Though it isn't ordinarily included among the world's culinary leaders, the Netherlands is nevertheless increasingly a force to be reckoned with. Hearty, hefty, filling – this is how Dutch cooking is usually described. Traditionally, food was given scant attention as there was work to be done. But if the Dutch are anything it's innovative, and that spirit carries over to the kitchen. The new wave of Dutch chefs are busy refining their humble culinary antecedents and giving them a contemporary twist.


Van Gogh perfectly captured the main ingredient of traditional Dutch cooking in his Potato Eaters. Typically boiled to death, these 'earth apples' are accompanied by meat – and more boiled vegetables. Gravy is then added for flavour. It's certainly not fancy, but it is filling.

Few restaurants serve exclusively Dutch cuisine, but many places have several homeland items on the menu, especially in winter. Some time-honoured favourites:

  • stamppot (mashed pot) – A simple dish of potatoes mashed with kale, endive or pickled cabbage and served with smoked sausage or strips of pork. Perfect in winter.
  • hutspot (hotchpotch; stew) – Similar to stamppot, but with potatoes, carrots, onions, braised meat and more spices. Originated in Leiden, which reputedly inherited (and modified) the recipe from the occupying Spaniards.
  • erwtensoep (pea soup) – Plenty of peas with onions, carrots, smoked sausage and bacon. And the perfect pea soup? A spoon stuck upright in the pot should remain standing. (Sadly not served in summer.)
  • asperges (asparagus) – The white version, stout and fleshy, most famously cultivated in Limburg and Noord-Brabant; popular when it's in season (spring); served with ham and butter.
  • kroketten (croquettes) – Crumb-coated dough sticks with various fillings that are deep-fried; bitterballen, the ball-shaped version, are a popular pub snack served with mustard.
  • mosselen (mussels) – Cooked with white wine, chopped leeks and onions, and served in a bowl or cooking pot with a side dish of frites or patat (chips); they're best eaten from September to April.

Lamb is prominently featured on menus, the most prized variety raised on the isle of Texel. When you're near the coast seafood is on every menu. It is also eaten as a snack. Haring (herring) is a national institution, eaten lightly salted or occasionally pickled; paling (eel), usually smoked, is another popular delicacy. Kibbeling, battered and deep fried codfish, is a tasty snack commonly sold in street market fish stalls.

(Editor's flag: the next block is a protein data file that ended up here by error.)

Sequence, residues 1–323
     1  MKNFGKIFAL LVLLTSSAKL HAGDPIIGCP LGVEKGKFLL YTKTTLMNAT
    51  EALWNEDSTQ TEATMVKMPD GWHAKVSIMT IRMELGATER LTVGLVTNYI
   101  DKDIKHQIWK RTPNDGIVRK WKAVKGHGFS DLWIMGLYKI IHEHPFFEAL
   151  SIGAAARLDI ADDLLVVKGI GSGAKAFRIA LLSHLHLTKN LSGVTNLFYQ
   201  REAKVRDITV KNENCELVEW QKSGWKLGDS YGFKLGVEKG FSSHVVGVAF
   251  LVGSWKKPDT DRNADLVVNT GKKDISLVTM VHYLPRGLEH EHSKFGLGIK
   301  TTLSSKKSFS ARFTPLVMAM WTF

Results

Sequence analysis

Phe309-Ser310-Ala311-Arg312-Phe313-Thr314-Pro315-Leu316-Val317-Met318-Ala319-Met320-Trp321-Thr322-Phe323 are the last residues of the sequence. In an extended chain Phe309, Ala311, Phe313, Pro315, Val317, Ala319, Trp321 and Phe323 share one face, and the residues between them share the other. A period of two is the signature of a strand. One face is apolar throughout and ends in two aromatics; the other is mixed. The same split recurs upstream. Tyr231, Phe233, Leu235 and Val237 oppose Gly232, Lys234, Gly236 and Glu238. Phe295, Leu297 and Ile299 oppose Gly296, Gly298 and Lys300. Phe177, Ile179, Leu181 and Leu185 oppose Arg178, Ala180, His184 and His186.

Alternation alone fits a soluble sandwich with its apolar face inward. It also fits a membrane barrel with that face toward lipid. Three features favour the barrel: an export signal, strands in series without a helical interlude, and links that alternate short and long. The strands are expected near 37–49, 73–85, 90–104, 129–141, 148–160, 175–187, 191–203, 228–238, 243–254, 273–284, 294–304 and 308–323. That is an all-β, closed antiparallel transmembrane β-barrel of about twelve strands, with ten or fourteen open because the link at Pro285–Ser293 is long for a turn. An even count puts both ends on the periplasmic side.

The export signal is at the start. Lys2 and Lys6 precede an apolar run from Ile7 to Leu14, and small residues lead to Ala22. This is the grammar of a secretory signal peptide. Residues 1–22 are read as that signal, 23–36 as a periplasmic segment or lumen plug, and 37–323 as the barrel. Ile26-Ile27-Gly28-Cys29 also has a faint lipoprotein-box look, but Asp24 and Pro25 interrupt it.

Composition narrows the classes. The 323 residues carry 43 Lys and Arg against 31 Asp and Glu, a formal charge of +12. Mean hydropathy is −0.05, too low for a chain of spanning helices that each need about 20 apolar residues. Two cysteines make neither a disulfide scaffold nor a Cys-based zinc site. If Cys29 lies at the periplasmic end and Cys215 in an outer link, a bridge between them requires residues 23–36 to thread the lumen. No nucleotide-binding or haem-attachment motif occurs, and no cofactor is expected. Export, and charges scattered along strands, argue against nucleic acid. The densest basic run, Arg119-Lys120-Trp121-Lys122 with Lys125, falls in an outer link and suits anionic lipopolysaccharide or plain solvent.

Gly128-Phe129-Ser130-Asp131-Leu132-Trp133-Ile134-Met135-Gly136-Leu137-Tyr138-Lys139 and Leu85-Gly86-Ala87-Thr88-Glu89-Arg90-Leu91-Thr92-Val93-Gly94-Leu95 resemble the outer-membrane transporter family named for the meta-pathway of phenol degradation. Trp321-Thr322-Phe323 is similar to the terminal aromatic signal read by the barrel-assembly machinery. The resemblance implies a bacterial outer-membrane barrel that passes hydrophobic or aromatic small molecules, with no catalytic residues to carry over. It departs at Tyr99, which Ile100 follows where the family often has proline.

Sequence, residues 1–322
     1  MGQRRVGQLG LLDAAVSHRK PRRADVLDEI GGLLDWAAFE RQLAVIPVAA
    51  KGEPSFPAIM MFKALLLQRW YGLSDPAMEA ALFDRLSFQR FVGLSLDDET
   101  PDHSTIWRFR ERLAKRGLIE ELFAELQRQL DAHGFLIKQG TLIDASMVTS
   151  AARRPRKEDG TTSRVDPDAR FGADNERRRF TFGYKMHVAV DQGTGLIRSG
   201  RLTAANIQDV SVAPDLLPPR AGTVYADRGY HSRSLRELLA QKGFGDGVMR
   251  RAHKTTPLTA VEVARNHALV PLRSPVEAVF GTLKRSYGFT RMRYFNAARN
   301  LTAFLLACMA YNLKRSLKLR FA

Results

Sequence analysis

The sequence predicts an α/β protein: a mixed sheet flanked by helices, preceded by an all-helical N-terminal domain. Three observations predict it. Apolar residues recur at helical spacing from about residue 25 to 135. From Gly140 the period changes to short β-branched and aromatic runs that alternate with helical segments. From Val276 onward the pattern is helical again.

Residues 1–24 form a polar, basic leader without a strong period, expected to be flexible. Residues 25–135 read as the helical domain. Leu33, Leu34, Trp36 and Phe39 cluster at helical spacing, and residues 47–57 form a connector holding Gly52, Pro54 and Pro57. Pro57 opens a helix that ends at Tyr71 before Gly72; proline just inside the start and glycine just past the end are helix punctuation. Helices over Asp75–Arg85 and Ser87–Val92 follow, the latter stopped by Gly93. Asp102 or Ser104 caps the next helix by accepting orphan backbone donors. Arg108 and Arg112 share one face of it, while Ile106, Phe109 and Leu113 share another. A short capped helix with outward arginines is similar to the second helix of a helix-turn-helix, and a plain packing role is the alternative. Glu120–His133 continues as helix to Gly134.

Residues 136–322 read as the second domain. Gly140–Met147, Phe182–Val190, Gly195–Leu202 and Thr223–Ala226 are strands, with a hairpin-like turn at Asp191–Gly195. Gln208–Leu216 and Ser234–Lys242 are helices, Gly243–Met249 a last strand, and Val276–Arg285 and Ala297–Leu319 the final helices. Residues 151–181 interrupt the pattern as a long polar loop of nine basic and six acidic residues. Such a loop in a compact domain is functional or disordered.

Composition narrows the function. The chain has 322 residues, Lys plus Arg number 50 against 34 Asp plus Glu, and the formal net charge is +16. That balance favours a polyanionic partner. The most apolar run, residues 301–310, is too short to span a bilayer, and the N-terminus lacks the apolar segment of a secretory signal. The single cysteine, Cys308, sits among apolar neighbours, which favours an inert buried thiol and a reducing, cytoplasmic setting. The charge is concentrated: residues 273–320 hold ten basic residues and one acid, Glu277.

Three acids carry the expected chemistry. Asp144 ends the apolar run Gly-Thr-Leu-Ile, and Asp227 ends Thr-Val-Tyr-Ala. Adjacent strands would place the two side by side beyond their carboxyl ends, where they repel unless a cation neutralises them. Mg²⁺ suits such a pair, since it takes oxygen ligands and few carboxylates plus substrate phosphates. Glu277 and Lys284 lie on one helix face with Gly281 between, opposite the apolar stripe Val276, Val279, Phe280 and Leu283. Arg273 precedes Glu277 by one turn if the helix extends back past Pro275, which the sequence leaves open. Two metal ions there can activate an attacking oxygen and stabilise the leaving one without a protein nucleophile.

For dessert, cafes often serve appeltaart (apple pie) with slagroom (whipped cream). Vlaai is the signature pie of Limburg, filled with fruit or a smooth, subtly sweet cinnamony pudding filling a crumbly crust. Ambrosial.

Most towns have at least one place serving pannenkoeken (pancakes), like crêpes and often served with fruit and cinnamon, among many other sweet and savoury toppings. Poffertjes are the coin-sized version, sprinkled with confectioner's sugar and laced with butter. You can often find these fresh at markets.


Indonesian cooking, a piquant legacy of the colonial era, is a rich and complex blend of many cultures: chilli peppers, peanut sauce and curries from Thailand, lemon grass and fish sauce from Vietnam, intricate Indian spice mixes and Asian cooking methods.

In the Netherlands, Indonesian food is often toned down for sensitive Western palates. If you want it hot (pedis, pronounced 'p-dis'), say so, but be prepared for watering eyes and burnt taste buds. You might play it safe by asking for sambal (chilli paste) and helping yourself. Sambal oelek is red and hot; the dark-brown sambal badjak is onion-based, mild and sweet.

The best-known dish is rijsttafel (rice table), an array of spicy savoury dishes such as braised beef, pork satay and ribs served with white rice. Nasi rames is a steaming plate of boiled rice covered in several rich condiments, while the same dish with thick noodles is called bami rames.


Dishes from this former colony have Caribbean roots, blending African and Indian flavours with Indonesian influences introduced by Javanese labourers. Chicken, lamb and beef curries are common menu items, served either with rice or as sandwich fillings – the ever-popular Surinaamse broodjes. Roti, a chickpea-flour pancake filled with curried potatoes, long beans and meat (vegetarian versions are available), makes a cheap and filling meal.


This particularly Dutch quality, which is most widely found in old brown cafes, is one of the best reasons to visit Amsterdam. It’s variously translated as snug, friendly, cosy, informal, companionable and convivial, but gezelligheid – the state of being gezellig – is something more easily experienced than defined. There’s a sense of time stopping, an intimacy of the here and now that leaves all your troubles behind, at least until tomorrow. You can get that warm and fuzzy feeling in many places and situations, often while nursing a brew with friends. Nearly any cosy establishment lit by candles probably qualifies.

Where to Eat & Drink